Medieval Flanders was a cultural crossroads full of multilingualism
During the late Middle Ages, the county of Flanders was an international, multicultural and multilingual crossroads. Dutch, French and Latin were all heard in everyday communication, trade and official contact within town, church and court. Medieval Dutch scholar Jelmar Hugen found that people actually used these languages interchangeably and wondered: why did some poets pepper their Dutch text with Latin quotations? And why did some of them choose a French refrain in a Dutch song?
From fox stories to medical manuals and language guides
Hugen analysed how Dutch, French and Latin interacted within literary Flemish texts and manuscripts. To do so, he delved into a wide range of sources.
“I used not only narrative genres, such as medieval song, think of the famous Gruuthuse manuscript from Bruges, and animal epics, including the albeit well-known Van den vos Reynaerde (Of Reynaert the Fox) and its lesser-known Latin translation and continuation. Medical manuals, French-Dutch language guides and a complex moral-theological allegory dialogue also passed the review.”
The multiple faces of multilingualism
One thing all these literary works had in common: they were multilingual. But why? And in what form? By conducting six case studies, Hugen examined the literary works from three perspectives: the social dimension, considering language use; the material dimension, considering manuscript context; and the translation-technical, considering editing techniques.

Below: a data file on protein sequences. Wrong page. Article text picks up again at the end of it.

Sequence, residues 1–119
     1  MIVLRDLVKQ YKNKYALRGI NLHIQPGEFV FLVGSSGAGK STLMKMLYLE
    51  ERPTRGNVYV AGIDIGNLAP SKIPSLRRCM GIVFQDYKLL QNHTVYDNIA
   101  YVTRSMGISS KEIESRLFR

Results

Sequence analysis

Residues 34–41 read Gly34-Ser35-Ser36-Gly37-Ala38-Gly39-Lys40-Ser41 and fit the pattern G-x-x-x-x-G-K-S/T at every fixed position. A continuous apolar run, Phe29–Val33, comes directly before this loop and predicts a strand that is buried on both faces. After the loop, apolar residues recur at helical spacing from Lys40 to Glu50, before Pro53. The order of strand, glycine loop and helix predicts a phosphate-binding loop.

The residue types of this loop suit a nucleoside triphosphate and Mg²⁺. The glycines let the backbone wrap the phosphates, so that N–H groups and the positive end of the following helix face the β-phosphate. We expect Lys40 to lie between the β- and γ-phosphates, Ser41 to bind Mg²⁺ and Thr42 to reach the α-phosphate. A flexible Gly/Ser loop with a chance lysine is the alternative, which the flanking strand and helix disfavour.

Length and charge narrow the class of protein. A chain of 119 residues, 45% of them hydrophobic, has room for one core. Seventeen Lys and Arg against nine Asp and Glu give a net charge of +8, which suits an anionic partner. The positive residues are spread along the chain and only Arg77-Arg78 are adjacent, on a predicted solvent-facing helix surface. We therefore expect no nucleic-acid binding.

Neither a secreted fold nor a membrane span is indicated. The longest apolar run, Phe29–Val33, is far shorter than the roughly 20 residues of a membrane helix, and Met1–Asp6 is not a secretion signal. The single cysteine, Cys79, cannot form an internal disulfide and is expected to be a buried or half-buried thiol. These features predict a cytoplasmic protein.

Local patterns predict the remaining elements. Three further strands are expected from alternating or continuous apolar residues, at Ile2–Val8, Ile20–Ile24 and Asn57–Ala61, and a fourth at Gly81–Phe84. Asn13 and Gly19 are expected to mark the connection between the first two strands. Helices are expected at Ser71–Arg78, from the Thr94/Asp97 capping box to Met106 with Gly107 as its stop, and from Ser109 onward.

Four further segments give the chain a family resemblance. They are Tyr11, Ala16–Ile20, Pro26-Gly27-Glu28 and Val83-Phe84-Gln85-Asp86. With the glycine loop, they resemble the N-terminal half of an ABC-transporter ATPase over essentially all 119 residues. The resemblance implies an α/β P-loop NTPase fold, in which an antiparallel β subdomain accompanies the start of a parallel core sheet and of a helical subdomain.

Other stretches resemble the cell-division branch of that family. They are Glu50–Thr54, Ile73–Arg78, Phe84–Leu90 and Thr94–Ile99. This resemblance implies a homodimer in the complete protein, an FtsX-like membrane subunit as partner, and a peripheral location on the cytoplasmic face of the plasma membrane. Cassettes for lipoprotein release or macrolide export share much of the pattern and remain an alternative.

Hugen discovered that writers sometimes intermingled Dutch, French and Latin purely for aesthetics. “They saw multilingualism as enriching their texts”, he explains. “Authors also used the different languages as a means of acquiring knowledge, to add structure and nuance within a manuscript, and even to express social criticism and so reflect on the hierarchical relations between certain languages in society.”
Medieval authors saw multilingualism as enriching their texts.
In his research, Hugen focused on one form of multilingualism, namely the interaction between languages within a literary medium. “Many of the uses of literary multilingualism, however, can also be related to other forms of expression, such as translation, intertextual connections between texts and the mobility of medieval books across linguistic boundaries.”
Hugen concludes that the use of French and Latin was seen by some Dutch poets, copyists and booksellers as an accepted part of Middle Dutch literature and bookmaking in Flanders. “Even in the Middle Ages, multilingualism was already a literary, social and cultural asset,” he concludes.